In style, however, the cross is rather different from Cardinham 1 and Padstow 3, being closer to the monuments likely to be transitional between early and later medieval styles (Chapter IX, p. 95). The circular, possibly compass-drawn, head with protruding roll-mouldings at the neck, set on a tall slender shaft, can be compared with the very eroded Perranzabuloe 1 cross, or Lanteglos by Camelford 2 (Ills. 193–6, 136–7), while the cross on the head, indicated by triangular-shaped holes, is of similar shape to Lanivet 2, Penzance 1, or again Lanteglos 2 (Ills. 120–3, 185–8). Incised dot-decoration is found on all of these monuments, although on Bodmin 1 (the Carminow Cross) the dots have escaped from the shaft and like a rash, pock the head as well. The five bosses, though an insignificant feature on the head, may reflect influence from west Cornwall, where bosses appear on most crosses of the Penwith group (Chapter IX, p. 85).

Despite these parallels, this is a difficult cross to place with certainty in either the early or later medieval periods. The probable size of the original monument allies it with the early medieval crosses: of the later medieval crosses, only that at Mylor is likely to have been taller (Langdon, Arthur 1896, 342–3), whereas a number of pre-Norman crosses may have been of similar stature. Yet the decoration of incised dots is purely decorative and can have no possibility of a relationship with interlace in the way that has been suggested for monuments like Lanivet, Penzance and Perranzabuloe. Nonetheless its close relationship to these monuments is apparent (see Chapter IX, p. 98) and for this reason it has been kept in the main catalogue, rather than being listed in Appendix D, Continuing Tradition.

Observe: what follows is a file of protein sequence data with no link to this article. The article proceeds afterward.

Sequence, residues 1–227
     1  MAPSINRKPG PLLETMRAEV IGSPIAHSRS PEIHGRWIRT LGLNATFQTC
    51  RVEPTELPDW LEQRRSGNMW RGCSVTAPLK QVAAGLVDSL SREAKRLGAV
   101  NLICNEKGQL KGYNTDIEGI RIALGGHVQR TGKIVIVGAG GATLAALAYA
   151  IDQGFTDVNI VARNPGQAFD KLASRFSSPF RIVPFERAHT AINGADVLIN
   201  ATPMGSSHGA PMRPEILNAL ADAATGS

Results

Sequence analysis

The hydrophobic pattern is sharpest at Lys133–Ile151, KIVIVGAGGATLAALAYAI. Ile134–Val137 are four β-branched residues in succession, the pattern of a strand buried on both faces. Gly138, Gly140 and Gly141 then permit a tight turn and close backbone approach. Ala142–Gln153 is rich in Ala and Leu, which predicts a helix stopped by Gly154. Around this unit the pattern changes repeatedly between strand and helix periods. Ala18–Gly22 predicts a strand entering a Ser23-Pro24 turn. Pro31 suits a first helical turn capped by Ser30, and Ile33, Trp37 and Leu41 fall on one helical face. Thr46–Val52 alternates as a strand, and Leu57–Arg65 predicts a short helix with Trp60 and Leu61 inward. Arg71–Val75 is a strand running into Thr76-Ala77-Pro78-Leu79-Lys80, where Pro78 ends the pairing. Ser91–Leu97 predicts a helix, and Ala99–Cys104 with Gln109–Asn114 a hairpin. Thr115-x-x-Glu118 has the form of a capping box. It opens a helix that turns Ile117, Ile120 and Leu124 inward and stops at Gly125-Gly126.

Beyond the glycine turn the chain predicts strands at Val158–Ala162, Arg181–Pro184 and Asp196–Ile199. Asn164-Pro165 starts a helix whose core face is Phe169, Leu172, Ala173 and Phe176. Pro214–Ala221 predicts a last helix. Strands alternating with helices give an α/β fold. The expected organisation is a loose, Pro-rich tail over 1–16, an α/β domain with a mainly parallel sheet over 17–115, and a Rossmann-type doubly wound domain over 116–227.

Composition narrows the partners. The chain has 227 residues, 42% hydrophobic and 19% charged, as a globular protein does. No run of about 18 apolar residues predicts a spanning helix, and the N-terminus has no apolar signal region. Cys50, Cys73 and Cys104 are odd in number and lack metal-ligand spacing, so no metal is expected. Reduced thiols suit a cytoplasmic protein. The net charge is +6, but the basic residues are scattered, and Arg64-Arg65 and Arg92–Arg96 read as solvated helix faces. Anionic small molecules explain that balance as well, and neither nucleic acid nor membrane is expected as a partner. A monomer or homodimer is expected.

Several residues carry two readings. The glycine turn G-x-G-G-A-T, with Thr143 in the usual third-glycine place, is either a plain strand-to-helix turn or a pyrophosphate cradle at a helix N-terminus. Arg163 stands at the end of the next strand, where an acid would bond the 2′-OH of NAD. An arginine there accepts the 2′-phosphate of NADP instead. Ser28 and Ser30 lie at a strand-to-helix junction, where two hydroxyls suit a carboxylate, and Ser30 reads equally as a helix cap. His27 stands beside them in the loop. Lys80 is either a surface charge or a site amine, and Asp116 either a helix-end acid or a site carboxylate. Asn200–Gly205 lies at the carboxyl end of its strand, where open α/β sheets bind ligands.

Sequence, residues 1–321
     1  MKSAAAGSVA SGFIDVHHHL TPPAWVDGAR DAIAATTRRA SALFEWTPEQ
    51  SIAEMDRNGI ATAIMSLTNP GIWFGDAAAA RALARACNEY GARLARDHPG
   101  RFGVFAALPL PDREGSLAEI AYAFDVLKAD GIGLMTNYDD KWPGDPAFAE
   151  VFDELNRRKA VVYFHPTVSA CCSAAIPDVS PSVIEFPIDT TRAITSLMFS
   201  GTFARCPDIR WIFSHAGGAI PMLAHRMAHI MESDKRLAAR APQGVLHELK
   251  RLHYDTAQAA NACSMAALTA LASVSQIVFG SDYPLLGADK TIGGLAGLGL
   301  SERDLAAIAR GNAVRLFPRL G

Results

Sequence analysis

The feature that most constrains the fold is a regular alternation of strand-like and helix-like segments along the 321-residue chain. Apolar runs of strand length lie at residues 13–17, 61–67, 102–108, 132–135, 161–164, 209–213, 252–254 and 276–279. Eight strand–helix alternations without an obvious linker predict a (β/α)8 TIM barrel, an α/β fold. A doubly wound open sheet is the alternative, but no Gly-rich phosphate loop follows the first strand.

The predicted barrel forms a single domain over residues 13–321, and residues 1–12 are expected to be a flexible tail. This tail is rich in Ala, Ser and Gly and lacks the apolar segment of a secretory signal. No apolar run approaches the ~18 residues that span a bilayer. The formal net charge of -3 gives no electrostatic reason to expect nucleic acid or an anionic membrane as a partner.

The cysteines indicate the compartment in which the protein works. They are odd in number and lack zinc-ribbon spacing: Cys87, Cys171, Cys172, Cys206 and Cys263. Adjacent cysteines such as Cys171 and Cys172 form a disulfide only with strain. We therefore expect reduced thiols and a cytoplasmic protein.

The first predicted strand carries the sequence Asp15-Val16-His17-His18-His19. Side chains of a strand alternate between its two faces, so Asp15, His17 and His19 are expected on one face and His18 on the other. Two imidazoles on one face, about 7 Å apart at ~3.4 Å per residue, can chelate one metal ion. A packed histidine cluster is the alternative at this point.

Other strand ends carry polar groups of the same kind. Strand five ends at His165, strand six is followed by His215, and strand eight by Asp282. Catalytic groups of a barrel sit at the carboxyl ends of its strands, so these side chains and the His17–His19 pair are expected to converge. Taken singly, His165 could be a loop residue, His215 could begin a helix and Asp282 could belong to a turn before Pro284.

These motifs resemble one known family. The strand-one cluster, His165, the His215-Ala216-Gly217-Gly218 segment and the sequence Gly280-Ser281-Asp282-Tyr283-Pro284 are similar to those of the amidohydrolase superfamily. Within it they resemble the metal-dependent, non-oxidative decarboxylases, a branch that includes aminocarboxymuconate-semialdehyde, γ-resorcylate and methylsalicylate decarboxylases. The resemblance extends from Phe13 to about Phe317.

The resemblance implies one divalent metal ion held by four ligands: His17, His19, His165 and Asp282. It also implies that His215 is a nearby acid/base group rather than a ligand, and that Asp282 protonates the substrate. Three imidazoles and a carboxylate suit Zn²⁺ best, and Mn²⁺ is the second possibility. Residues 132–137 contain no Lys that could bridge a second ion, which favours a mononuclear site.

In its original position, at approximately SX 0882 6558, the cross marked the boundary between the parishes of Bodmin, Lanhydrock (a chapelry of Bodmin) and Cardinham (Langdon, Andrew 1992a, 17), a boundary which probably also divided the Domesday manors of Trezance and/or Glynn from the manor of Bodmin, owned by St Petroc's Monastery (Thorn and Thorn 1979, 4,3; 5,3,3; 5,13,5). An original association with either St Petroc's Monastery or the Priory that replaced it in the twelfth century therefore seems likely. It also stood at what is likely to have been one of the most significant cross-roads in Cornwall, where routes along the length of the peninsula (now seen in the line of the modern A30) crossed the trans-peninsula route between the estuaries of the Camel and the Fowey rivers. The strategic significance of this location at earlier periods is indicated by the positioning of Castle Canyke, one of the largest hillforts in Cornwall, immediately to the north of the Carminow Cross.

Second half of the eleventh century, or twelfth century
Blight 1858, 66; Maclean 1873, 118–19, 229 and fig. 14 on p. 119; Langdon, Arthur and Allen, J. R. 1888, 316, 324; Langdon, Arthur 1890–1, 75, 81, 93; Langdon, Arthur 1896, 311–13, passim and figs.; Langdon, Arthur 1906, 429, 437, 445; Henderson, C. 1930, 8; Hencken 1932, 270, 292; Dexter and Dexter 1938, 18–19, 125–7, 213 and figs.; Doble 1938, fig. (frontispiece); Ellis, G. 1952–3a, 2–4 and fig.; Ellis, G. 1956–8f, 260; Munn and Long 1988, no. 22 and fig.[1]; Langdon, Andrew 1992a, 17, no. 7, and fig.; Langdon, Andrew 1996a, 24; Turner 2006a, 163; Turner 2006c, 36
[1] This work has no page-numbering.

Forward button Back button